• Bhaduri, B., Bright, E., Coleman, P. and Urban, M. (2007) LandScan usa: a high resolution geospatial and temporal modeling approach for population distribution and dynamics. GeoJournal, 69, 103117.
  • Bodnar, O., Cameletti, M., Fassò, A. and Schmid, W. (2008) Comparing air quality in Italy, Germany and Poland using bc indexes. Atmosph. Environ., 42, 84128421.
  • Bruno, F. and Cocchi, D. (2002) A unified strategy for building simple air quality indices. Environmetrics, 13, 243261.
  • Cameletti, M., Ignaccolo, R. and Bande, S. (2011) Comparing spatio-temporal models for particulate matter in Piemonte. Environmetrics, 22, 985996.
  • Chiu, G. S., Guttorp, P., Westveld, A. H., Khan, S. A. and Liang, J. (2011) Latent health factor index: a statistical modeling approach for ecological health assessment. Environmetrics, 22, 243255.
  • Cook, R. (1982) Residuals and Influence in Regression. New York: Chapman and Hall.
  • Cressie, N. and Johannesson, G. (2008) Fixed rank kriging for very large spatial data sets. J. R. Statist. Soc. B, 70, 209226.
  • Cressie, N. and Wikle, C. (2011) Statistics for Spatio-temporal Data. Hoboken: Wiley.
  • Department for the Environment, Food and Rural Affairs (2009) Scottish Government local air quality management policy guidance 2009. Department for the Environment, Food and Rural Affairs. (Available from http://www.scotland.gov.uk/topics/environment/waste-and-pollution/pollution-1 /16215/pg09.)
  • Diggle, P. J., Menezes, R. and Su, T. (2010) Geostatistical inference under preferential sampling (with discussion). Appl. Statist., 59, 191232.
  • Fassò, A. and Finazzi, F. (2011) Maximum likelihood estimation of the dynamic coregionalization model with heterotopic data. Environmetrics, 22, 735748.
  • Fassò, A., Finazzi, F. and D'Ariano, C. (2009) Integrating satellite and ground level data for air quality monitoring and dynamical mapping. Technical Report Graspa WP 34. Gruppo di Ricerca per le Applicazioni della Statistica ai Problemi Ambientali, Bergamo. (Available from www.graspa.org.)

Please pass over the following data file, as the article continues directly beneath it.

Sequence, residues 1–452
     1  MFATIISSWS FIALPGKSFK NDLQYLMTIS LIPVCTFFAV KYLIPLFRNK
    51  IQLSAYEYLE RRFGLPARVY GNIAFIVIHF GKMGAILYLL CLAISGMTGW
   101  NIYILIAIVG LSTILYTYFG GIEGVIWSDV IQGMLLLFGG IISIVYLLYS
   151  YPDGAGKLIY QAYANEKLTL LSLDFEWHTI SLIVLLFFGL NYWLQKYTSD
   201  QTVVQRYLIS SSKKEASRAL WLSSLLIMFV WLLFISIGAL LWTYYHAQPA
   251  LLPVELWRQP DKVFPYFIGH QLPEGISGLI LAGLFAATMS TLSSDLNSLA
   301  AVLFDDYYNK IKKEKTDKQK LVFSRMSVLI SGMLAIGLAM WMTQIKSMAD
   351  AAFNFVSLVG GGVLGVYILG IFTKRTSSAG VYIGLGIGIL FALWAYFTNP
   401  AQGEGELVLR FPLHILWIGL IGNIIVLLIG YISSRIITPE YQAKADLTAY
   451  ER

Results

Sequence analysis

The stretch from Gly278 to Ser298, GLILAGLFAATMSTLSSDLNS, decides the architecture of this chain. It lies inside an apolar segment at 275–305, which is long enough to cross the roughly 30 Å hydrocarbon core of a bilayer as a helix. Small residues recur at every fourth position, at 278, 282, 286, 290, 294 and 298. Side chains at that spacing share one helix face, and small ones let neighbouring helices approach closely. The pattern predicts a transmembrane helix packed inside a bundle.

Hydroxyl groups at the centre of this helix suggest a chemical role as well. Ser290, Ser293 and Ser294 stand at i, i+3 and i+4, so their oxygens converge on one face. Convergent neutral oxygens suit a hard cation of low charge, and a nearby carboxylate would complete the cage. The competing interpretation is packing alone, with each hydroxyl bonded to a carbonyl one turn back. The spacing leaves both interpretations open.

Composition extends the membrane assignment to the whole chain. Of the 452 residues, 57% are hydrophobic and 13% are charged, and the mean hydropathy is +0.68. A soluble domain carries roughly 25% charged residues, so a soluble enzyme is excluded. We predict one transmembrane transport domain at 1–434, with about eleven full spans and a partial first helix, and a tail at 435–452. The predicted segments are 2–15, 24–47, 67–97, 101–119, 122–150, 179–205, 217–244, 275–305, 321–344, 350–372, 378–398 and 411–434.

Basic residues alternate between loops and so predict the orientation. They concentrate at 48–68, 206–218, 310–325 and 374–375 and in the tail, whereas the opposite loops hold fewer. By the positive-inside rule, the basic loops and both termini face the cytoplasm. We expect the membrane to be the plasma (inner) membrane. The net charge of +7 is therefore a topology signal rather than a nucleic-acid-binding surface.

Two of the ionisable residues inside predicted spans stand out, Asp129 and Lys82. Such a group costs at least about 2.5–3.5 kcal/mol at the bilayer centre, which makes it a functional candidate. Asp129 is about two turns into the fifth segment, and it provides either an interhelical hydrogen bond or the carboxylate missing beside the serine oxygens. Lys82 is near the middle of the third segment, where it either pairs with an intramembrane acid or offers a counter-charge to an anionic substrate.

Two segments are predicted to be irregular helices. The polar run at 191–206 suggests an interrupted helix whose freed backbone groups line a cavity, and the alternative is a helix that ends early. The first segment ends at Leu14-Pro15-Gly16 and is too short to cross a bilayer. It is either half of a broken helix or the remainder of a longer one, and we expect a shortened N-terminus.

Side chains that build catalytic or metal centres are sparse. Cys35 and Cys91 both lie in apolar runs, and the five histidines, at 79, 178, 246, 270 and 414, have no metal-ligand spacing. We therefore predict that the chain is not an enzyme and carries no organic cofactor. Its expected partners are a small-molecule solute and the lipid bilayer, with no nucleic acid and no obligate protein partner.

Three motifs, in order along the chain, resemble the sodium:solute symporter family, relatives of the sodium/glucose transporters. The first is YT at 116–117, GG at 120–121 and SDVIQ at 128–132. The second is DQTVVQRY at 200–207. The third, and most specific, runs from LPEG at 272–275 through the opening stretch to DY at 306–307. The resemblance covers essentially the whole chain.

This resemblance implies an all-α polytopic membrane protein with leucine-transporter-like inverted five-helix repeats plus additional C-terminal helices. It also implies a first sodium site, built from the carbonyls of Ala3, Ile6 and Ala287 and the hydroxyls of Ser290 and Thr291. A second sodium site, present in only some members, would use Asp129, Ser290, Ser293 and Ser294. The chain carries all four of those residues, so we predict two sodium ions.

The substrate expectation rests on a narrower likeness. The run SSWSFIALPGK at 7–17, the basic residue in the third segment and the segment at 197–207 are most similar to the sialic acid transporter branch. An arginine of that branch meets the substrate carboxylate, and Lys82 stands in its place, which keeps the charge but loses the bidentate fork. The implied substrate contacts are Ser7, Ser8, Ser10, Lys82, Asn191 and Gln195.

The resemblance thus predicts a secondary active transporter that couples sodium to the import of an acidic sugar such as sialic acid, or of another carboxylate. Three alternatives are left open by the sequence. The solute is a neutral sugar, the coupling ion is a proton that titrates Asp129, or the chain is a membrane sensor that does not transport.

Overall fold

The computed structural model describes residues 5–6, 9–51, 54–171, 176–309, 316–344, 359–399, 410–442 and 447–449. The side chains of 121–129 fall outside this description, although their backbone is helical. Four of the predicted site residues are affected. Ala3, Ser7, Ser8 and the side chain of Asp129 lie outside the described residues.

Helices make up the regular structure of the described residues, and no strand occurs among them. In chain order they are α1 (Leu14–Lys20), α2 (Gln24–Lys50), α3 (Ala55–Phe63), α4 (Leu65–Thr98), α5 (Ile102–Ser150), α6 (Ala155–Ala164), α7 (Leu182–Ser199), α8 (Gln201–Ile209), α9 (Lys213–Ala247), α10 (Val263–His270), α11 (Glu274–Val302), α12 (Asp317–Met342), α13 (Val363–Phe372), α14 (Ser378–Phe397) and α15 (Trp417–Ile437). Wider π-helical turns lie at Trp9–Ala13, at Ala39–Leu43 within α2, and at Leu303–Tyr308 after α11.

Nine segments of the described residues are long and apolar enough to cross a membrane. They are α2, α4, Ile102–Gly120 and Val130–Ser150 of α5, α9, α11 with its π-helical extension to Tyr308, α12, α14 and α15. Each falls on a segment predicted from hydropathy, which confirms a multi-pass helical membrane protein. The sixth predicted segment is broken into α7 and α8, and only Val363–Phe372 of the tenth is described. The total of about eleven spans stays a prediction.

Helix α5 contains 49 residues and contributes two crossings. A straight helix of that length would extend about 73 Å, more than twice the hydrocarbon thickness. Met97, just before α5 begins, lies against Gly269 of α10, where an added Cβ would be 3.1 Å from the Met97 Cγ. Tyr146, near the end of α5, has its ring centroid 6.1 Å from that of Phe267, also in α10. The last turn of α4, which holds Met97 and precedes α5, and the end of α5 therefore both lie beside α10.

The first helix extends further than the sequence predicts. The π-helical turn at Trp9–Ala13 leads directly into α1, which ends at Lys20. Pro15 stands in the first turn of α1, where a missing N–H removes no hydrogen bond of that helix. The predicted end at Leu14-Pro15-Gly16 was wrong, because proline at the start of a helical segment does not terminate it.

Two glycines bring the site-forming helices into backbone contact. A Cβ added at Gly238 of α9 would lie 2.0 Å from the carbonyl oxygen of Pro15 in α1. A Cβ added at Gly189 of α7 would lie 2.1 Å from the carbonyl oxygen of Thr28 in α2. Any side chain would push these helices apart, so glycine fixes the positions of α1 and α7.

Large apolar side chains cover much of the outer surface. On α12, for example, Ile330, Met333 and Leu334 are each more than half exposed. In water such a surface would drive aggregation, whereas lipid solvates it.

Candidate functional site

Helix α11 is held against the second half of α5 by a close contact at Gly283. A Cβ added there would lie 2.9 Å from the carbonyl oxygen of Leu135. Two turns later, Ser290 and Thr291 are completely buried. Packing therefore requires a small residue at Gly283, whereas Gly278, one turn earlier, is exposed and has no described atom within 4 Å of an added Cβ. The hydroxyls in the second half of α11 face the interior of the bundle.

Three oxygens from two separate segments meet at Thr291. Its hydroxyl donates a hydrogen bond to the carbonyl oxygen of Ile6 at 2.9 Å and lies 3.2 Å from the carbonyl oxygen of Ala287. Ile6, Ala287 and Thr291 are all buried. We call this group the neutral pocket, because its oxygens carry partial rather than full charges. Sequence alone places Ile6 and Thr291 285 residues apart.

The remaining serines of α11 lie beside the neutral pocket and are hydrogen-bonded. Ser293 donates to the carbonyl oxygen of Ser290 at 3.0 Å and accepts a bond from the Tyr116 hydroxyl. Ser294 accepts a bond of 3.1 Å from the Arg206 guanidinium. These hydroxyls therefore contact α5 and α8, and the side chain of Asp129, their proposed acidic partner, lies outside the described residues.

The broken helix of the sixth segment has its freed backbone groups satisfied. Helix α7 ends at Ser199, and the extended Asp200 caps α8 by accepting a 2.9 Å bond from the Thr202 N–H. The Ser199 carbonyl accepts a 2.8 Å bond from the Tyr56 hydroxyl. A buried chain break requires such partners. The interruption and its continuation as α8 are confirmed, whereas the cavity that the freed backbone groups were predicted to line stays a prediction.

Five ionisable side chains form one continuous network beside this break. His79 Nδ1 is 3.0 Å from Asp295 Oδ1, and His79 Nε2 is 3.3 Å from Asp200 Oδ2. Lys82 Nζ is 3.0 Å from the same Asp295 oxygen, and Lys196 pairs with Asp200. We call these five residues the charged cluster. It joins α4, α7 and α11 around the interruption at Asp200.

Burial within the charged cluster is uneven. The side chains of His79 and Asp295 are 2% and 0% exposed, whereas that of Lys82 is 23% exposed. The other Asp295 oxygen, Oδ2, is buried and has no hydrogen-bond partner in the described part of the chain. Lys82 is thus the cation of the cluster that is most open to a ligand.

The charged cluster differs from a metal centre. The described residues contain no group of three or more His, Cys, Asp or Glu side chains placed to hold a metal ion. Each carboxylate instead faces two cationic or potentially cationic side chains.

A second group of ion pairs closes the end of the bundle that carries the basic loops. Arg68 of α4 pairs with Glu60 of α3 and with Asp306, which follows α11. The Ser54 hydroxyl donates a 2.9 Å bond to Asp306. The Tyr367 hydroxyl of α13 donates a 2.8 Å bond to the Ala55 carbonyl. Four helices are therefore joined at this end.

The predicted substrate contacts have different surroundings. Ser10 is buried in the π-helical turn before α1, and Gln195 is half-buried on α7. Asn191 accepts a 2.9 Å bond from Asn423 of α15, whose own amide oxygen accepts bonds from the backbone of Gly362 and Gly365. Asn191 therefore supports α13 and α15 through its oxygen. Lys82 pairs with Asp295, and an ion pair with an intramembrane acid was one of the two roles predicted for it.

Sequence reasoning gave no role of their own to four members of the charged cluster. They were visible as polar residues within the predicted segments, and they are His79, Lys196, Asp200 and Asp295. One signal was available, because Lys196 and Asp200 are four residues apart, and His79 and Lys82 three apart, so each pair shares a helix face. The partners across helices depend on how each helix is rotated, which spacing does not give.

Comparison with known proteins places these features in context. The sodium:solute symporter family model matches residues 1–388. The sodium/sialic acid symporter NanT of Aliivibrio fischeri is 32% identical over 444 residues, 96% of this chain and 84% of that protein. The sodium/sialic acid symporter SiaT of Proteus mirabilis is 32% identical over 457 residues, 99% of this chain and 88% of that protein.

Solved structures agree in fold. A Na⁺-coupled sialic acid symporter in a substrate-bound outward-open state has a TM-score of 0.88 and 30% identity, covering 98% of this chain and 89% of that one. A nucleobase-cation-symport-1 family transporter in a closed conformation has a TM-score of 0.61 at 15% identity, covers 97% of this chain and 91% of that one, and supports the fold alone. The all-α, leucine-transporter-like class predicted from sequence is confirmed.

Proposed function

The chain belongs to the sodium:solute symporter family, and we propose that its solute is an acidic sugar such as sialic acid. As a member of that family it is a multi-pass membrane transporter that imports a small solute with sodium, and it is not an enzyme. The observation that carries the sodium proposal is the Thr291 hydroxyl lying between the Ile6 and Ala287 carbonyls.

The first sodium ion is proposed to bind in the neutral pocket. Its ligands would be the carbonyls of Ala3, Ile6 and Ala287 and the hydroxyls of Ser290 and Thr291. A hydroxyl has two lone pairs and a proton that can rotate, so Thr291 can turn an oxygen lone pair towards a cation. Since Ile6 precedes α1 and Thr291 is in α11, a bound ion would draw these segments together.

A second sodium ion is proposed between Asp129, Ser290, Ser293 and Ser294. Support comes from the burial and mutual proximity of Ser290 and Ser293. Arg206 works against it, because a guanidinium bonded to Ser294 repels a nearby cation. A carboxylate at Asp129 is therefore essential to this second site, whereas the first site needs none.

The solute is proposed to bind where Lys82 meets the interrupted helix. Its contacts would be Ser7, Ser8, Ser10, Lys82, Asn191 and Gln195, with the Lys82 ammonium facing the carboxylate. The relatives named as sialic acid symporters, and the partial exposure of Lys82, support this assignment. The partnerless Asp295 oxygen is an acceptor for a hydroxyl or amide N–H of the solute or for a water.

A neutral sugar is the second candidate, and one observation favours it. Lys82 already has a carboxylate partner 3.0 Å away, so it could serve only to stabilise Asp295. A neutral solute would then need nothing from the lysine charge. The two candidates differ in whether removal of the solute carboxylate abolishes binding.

• Finazzi, F. and Fassò, A. (2011) EM estimation of the dynamic coregionalization model with varying coeffcients. In Proc. Spatial 2: Spatial Data Methods for Environmental and Ecological Processes, Foggia, Sept. 1st–2nd, 2nd edn (ed. B. Cafarelli). Bergamo: Gruppo di Ricerca per le Applicazioni della Statistica ai Problemi Ambientali. (Available from www.graspa.org.)
  • Finazzi, F. and Fassò, A. (2012) D-STEM—a statistical software for multivariate space-time environmental data modeling. In METMA 6 : Proc. Int. Wrkshp Spatio-temporal Modelling (eds A. M. Goncalves, I. Sousa, L. Machado, P. Pereira, R. Menezes and S. Faria).
  • Freedman, D. (2001) Ecological inference and the ecological fallacy. In International Encyclopedia of the Social and Behavioral Sciences, pp. 40274030. Amsterdam: Elsevier.
  • Gotway, C. and Young, L. (2002) Combining incompatible spatial data. J. Am. Statist. Ass., 97, 632648.
  • Jerret, M., Arain, A., Kanaroglou, P., Beckerman, B., Potoglou, D., Sahsuvaroglu, T., Morrison, J. and Giovis, C. (2005) A review and evaluation of intraurban air pollution exposure models. J. Expos. Anal. Environ. Epidem., 15, 185204.
  • Lee, D., Ferguson, C. and Scott, E. M. (2011) Constructing representative air quality indicators with measures of uncertainty. J. R. Statist. Soc. A, 174, 109126.
  • Rienecker, M. M., Suarez, M. J., Gelaro, R., Todling, R., Bacmeister, J., Liu, E., Bosilovich, M. G., Schubert, S. D., Takacs, L., Kim, G.-K., Bloom, S., Chen, J., Collins, D., Conaty, A., da Silva, A., Gu, W., Joiner, J., Koster, R. D., Lucchesi, R., Molod, A., Owens, T., Pawson, S., Pegion, P., Redder, C. R., Reichle, R., Robertson, F. R., Ruddick, A. G., Sienkiewicz, M. and Woollen, J. (2011) Merra—NASA's modern-era retrospective analysis for research and applications. J. Clim., 24, 36243648.
  • Scott, E. M. (2007) Setting and evaluating the effectiveness of environmental policy. Environmetrics, 18, 333343.
  • Shumway, R. and Stoffer, D. (2006) Time Series Analysis and Its Applications, with R Examples. New York: Springer.
  • Wackernagel, H. (2003) Multivariate Geostatistics: an Introduction with Applications, 2nd edn. New York: Springer.
  • Zidek, J., Shaddick, G., Meloche, J., Chatfield, C. and White, R. (2007) A framework for predicting personal exposures to environmental hazards. Environ. Ecol. Statist., 14, 411431.
  • Zuur, A., Ieno, E. N. and Smith, G. M. (2007) Analysing Ecological Data. New York: Springer.